Sunday, 20 March 2011

1st Vietnam International Choral Festival and Competition 2011

The very colourfully attired Viet-Xo Choir from Hanoi.


One would probably guess by now my habit of chasing music competitions, but this was a complete accident. My family was on a week-long holiday in central Vietnam when we stumbled upon this little gem – Vietnam’s first-ever international choral festival and competition, held in the historic town of Hoi An. Not really knowing what to expect, it was a stab in the dark, and a short bicycle ride along the Thu Bon River to the Hoi An Beach Resort convention centre.

The strains of O Sifuni Mungu wafted through the cold morning air as a choir from Indonesia rehearsed their showpieces. The choirs were just warming up for the actual competition at eleven, but there was no indication of this in the official festival leaflet. There was neither mention of any of the choirs or their programmes, and the schedules were as vague as possible, as we were to find out later. But first, we were witness to two hours of a cappella pleasure by six choral groups competing in the mixed choir and women choir categories. Each choir sang between three and four songs in a 15 minute allotment. The Indonesian and Filipino groups immediately stamped their authority with their confidence, showmanship and sheer attitude.

The Diponegoro University Choir (above) from Semarang, Indonesia were up first, and it was their O Sifuni Mungu that we heard earlier, a performance that truly captured the spirit and soul of its words Praise The Lord. The big surprise: there was only one Chinese face in the choir, mingling comfortably between girls donning hijabs. No taboos, fatwas or Syariah laws here, they really sounded and looked like they meant every word. Only in Indonesia; one doubts whether this could even be possible in Malaysia or Singapore.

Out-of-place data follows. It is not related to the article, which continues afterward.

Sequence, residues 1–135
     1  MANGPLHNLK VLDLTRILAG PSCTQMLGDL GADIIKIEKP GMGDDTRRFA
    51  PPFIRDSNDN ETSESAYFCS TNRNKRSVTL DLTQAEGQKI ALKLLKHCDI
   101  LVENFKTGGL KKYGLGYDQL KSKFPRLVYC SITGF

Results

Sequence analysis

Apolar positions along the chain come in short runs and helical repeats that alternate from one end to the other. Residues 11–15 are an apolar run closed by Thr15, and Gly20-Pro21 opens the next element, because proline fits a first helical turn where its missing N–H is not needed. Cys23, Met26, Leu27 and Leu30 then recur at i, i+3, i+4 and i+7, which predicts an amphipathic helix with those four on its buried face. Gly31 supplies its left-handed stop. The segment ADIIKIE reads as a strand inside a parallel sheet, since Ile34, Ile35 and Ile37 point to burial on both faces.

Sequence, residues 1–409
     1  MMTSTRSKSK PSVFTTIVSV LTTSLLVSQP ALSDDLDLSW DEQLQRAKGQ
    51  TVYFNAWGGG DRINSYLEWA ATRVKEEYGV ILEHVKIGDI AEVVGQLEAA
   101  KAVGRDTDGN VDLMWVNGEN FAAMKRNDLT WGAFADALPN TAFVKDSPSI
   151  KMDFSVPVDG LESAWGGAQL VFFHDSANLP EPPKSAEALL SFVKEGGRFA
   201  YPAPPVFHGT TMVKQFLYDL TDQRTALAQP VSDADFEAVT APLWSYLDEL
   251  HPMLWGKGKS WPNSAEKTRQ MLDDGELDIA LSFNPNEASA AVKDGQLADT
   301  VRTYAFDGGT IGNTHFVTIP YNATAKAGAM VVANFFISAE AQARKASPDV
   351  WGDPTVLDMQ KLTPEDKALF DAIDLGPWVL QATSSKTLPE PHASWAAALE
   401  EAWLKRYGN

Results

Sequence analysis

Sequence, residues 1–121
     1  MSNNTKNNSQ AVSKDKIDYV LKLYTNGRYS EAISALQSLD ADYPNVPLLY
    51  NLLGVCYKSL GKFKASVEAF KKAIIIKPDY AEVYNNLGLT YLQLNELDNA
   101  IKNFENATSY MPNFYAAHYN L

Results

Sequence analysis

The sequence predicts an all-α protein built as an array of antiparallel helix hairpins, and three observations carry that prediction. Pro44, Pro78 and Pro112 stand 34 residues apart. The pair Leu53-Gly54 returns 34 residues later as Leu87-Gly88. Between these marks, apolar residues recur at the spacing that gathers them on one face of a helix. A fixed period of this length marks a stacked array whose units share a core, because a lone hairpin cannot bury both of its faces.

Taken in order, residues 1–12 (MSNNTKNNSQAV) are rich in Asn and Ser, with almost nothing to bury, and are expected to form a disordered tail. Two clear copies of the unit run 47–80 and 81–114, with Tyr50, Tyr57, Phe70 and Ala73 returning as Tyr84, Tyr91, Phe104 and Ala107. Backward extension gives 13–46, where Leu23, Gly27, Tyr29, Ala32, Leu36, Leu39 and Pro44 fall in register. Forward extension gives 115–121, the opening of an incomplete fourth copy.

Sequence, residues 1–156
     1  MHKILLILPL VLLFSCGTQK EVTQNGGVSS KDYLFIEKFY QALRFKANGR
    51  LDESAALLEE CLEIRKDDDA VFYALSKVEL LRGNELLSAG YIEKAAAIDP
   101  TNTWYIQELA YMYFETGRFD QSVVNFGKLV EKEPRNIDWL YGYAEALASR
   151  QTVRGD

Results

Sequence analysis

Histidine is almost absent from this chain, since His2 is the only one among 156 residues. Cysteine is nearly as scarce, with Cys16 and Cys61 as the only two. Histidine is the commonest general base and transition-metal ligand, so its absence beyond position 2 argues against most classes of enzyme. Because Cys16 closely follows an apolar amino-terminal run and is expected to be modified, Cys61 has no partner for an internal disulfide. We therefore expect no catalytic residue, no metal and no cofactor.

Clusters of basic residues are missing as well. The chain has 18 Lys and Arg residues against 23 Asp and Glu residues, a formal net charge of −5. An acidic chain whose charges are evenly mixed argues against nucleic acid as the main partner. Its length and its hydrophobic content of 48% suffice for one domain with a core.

The Zamboanga Hermosa Chorale (above) from Zamboanga City, Philippines was a smaller group, and were even more impressive in their cohesiveness and versatility. Francisco Feliciano's Pamugun,  a study in tongue-twisting repetitions and lightness, was delivered in a manner born, like a flight of humming bords. The roll and roll song to close had both panache and was served with an infectious zest. 

Jakarta, Indonesia is home to the Vajra Gita Nusantara Choir (above), peopled by mostly middle-aged tai tais with immaculately coiffed hairdos and their severe-looking businessmen husbands. Their big unison sound was even and homogeneous, suggesting that they have been singing together for years. Unsurprisingly, they did not have the same buoyancy and verve of their younger rivals, but still gelled as a group with a common goal in mind, that is to make music. 

Two groups from Hanoi, Vietnam made up the numbers, the UNESCO Choir (above) and Viet-Xo Choir (below), both of which shared singers and had the same conductor. The women were beautifully outfitted in ao dais of every conceivable shade and design, while the men looked like delegates in some agro-technology and lathe-designers convention. It also seemed that the pre-requisite for membership is to be aged 65 and above. If only the singing matched the ladies' deportment. The accuracy of intonation was only matched by levels of screechiness. As for the songs, there was a cheesy number in Landler rhythm, and does everything else sung in Vietnamese have to be some march-like ode to Dien Bien Phu veterans or the joys of combined-harvesters and Five-Year-Plans?